Fan Works 

    Films — Animation 
  • The titular Arthur of Arthur Christmas is constantly tripping over things. Wearing oversized slippers for most of the film doesn't help.
  • A Bug's Life: For most of the film, most of Flik's good intentions just backfire constantly and few things go well for him.
  • Disney's Hercules, specifically as a teenager, due to his Super-Strength combined with an adolescent's typical clumsiness. Even after completing his training to become a hero, Herc still retains some of his flaws, and makes a lot of mistakes in his battles, such as losing his sword. The TV series based on his teen years use this as a recurring theme.
  • Ratatouille: Linguini's whole first night in the kitchen is filled with him bumbling around and crashing into everything in sight—he almost kills Rémy when he accidentally knocks his glass jar into the river. He's somehow more graceful when Rémy is controlling him like a crazy puppet. That said, when he's waiting on rollerskates at the film's climax, he proves himself to be very adept at the job.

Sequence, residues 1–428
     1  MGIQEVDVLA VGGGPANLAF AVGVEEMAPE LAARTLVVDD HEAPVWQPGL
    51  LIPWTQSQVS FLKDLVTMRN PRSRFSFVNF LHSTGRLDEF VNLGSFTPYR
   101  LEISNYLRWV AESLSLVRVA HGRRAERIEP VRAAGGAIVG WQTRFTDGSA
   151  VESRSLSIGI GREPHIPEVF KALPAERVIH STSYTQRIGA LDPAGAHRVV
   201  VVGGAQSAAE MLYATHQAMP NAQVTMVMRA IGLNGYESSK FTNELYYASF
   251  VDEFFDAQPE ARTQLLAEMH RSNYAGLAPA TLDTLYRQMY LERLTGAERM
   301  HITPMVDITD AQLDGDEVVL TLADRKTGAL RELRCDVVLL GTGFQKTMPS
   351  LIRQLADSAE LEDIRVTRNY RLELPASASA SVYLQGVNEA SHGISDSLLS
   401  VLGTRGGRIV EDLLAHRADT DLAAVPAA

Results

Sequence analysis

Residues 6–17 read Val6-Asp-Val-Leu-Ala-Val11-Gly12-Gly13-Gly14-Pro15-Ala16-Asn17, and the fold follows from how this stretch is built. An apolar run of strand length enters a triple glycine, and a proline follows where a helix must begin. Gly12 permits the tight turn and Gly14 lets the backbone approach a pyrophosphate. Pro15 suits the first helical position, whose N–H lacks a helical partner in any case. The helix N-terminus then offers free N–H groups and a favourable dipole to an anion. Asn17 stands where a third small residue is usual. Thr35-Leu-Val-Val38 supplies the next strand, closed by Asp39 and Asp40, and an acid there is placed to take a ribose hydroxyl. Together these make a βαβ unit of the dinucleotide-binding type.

• Jeremy the crow from The Secret of NIMH, though he seems a much better flier than walker.
  • In Turning Red, Mei initially isn't very coordinated falling over (or nearly so) three times within the first three minutes of the film. She is especially so in her giant red panda form bumping into and knocking down everything within reach the first couple times she transforms.
  • WALL•E: The titular WALL•E has a tendency for falling down things. Having treads doesn't help.

    Films — Live-Action 
  • In A Boy Called Po, the titular autistic boy is so accident-prone that at one point a CPS worker visits his home to see if his father is beating him.
  • The titular character of Eddie the Eagle is extremely accident prone managing to knock over an entire ski team and fall down a 70m ski jump slope. Notably, the real life Eddie "The Eagle" Edwards was nicknamed Mr. Magoo by the press for his clumsiness.
  • Godmothered: Eleanor blows up a pumpkin patch and crashes into Hugh Prince on a sled among other things, all by accident.
  • Godzilla of all creatures, particularly during the Showa era. During his rampages and monster fights, the King of the Monsters frequently loses his footing and tumbles to the ground (often taking out a building or two in the process).
    • This was all too common in the actual filming of such scenes, particularly in the first movie; stunt actors would often topple over due to the awkwardness of the toe spread.
  • Chunk in The Goonies. Mikey even uses Chunk's clumsiness to break the Treasure Map from its frame. "What'd you break this time, Chunk?"